Unwitting Pop Music Pioneer
Quick: name five Asian female singers who became internationally famous with modern Anglo pop music, hold on, back in the `80s. There have been a few to enjoy some degree of fame in the `90s and beyond like Norah Jones (of course), Miho Hatori (Cibo Matto), Amerie, Coco Lee, or Miki Berenyi (Lush). None, however, had the notoriety that followed Annabella Lwin of Bow Wow Wow, the band best known for their Stangeloves cover, "I Want Candy" (and their mohawks, among other things).
Born in Burma (a.k.a. Myanmar) to a British mother and a Burmese father, Lwin settled with her mom in London after her parents split up. Still looking great, and now sans mohawk, the singer took some time out from working on new solo material for a chat with ChopBlock. She speaks enthusiastically, coating her words in a devastating British accent.
It is Lwin who starts the interview. "Do you know anything about me?" she asks. After confessing my semi-encyclopedic knowledge of early `80s Brit pop, especially Adam And The Ants, she laughs. Straight away, Lwin insists on clarifying the much-debated story about Bow Wow Wow and the original incarnation of Adam Ant`s former band. According to her, legendary style guru (and infamous Sex Pistols manager) Malcolm McLaren snatched away two of the Ants (drummer Dave Barbarossa and the late guitarist Matthew Ashman), recruited bassist Leigh Gorman, and assembled Bow Wow Wow, who needed a singer.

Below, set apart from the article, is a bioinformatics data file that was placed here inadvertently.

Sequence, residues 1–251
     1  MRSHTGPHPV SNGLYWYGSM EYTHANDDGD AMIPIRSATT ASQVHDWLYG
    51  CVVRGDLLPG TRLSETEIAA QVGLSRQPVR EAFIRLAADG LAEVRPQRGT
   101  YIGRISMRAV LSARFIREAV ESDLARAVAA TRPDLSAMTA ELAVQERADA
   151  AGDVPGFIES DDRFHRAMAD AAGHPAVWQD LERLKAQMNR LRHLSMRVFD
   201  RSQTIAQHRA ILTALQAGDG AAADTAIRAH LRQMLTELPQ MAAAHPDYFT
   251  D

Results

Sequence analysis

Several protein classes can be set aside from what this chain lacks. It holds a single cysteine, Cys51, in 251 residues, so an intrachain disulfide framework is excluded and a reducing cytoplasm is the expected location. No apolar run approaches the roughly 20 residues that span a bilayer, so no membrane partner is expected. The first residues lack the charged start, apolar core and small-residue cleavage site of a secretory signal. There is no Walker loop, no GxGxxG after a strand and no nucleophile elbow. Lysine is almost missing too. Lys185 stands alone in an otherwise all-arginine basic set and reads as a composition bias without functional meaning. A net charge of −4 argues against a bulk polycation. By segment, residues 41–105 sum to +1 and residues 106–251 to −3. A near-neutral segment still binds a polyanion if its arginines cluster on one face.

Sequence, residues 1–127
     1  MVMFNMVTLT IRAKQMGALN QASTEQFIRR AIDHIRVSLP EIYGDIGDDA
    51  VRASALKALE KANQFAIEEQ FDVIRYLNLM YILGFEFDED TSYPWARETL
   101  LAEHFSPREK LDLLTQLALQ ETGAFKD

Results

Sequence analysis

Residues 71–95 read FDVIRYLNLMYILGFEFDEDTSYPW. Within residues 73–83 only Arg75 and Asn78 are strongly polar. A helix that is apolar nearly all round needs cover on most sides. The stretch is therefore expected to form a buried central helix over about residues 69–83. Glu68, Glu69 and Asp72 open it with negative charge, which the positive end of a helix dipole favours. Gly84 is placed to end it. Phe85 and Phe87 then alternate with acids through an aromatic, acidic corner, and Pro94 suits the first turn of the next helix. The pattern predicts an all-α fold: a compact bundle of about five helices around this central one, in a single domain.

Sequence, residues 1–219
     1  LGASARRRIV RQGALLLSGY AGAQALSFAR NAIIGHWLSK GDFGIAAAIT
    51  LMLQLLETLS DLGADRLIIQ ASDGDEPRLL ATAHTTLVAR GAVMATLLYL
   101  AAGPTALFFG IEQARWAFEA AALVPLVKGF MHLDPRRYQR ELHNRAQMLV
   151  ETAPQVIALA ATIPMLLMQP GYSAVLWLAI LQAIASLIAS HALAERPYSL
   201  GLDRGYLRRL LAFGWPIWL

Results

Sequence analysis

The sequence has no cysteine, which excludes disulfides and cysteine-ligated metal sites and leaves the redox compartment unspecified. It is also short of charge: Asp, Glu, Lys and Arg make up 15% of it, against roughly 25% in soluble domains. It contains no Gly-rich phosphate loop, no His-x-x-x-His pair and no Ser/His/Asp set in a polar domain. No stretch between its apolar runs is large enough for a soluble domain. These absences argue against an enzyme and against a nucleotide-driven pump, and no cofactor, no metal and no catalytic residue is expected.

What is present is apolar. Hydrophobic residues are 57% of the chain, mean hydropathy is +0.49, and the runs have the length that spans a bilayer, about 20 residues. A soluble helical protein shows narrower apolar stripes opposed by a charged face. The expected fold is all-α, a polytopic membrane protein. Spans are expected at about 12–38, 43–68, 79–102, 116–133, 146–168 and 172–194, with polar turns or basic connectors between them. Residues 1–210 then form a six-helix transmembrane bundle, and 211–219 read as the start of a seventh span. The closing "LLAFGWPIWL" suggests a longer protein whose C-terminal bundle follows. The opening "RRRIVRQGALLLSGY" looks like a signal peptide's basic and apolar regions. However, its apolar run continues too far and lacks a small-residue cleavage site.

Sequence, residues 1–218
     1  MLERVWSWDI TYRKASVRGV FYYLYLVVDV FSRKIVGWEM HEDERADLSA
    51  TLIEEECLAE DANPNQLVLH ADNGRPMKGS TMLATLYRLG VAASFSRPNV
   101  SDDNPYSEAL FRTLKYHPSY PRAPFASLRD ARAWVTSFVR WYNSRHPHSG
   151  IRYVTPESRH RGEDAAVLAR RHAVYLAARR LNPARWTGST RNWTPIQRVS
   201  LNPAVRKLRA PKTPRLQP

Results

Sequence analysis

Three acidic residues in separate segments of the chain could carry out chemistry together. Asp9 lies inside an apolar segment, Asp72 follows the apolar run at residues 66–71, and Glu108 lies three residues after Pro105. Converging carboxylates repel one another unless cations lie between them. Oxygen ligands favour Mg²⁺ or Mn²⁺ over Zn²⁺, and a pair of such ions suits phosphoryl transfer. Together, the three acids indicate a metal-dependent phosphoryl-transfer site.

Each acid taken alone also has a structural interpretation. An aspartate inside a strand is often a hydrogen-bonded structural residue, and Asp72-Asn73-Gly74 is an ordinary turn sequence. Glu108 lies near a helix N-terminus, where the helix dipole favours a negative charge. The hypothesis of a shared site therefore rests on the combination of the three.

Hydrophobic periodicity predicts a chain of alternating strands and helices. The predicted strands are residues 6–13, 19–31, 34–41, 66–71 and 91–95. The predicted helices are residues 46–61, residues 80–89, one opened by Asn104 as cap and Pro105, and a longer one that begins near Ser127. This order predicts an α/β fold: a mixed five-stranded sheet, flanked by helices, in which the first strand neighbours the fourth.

Lwin was scouted by a friend of McLaren, Dave Fishel, at the dry cleaning shop she worked at. "I thought the guy was trying to pick me up, actually...because he had been coming in for a couple weeks on and off. I thought he was just in there to buy dope off the presser, a Jamaican guy called George, he was a really lovely guy. He used to drink lots and lots of Newcastle brown ale. [Fishel] heard me singing to a Stevie Wonder song." She went to the audition with a friend, got the job, but the rest isn`t history just yet. Lwin was actually fired from the band twice during the first few months.
"[The band] told me they were trying to test my commitment. In all honesty, I think it was a lot of psychological games [on McLaren`s part]. I was too young and too stupid to know what was happening. All I kept thinking was, `I really love singing.`" After the second firing, "I told them `I don`t want anything more to do with your band! You`re not nice people!`" She gave in after the band payed a visit to her and her mom, desperate for her talent for an imminent tour. Around that time, "Go Wild In The Country," became their first top ten hit in England. Lwin was suddenly a bona fide pop star, at the ripe old age of fifteen.
The band did their first gig at a roller disco. "I had to stand on a box to be seen," Lwin recalls. "[Because of McLaren], people thought we were the Sex Pistols, Mk II. People were [spitting at me]. It was absolutely disgusting. I knew nothing about [McLaren] except for the fact that he looked kind of weird because he had this orange hairdo. And a very big nose. [But], people realized that we were a really good live band." Even Boy George, pre-Culture Club, was briefly part of the group, but just for one show--he got booed off the stage.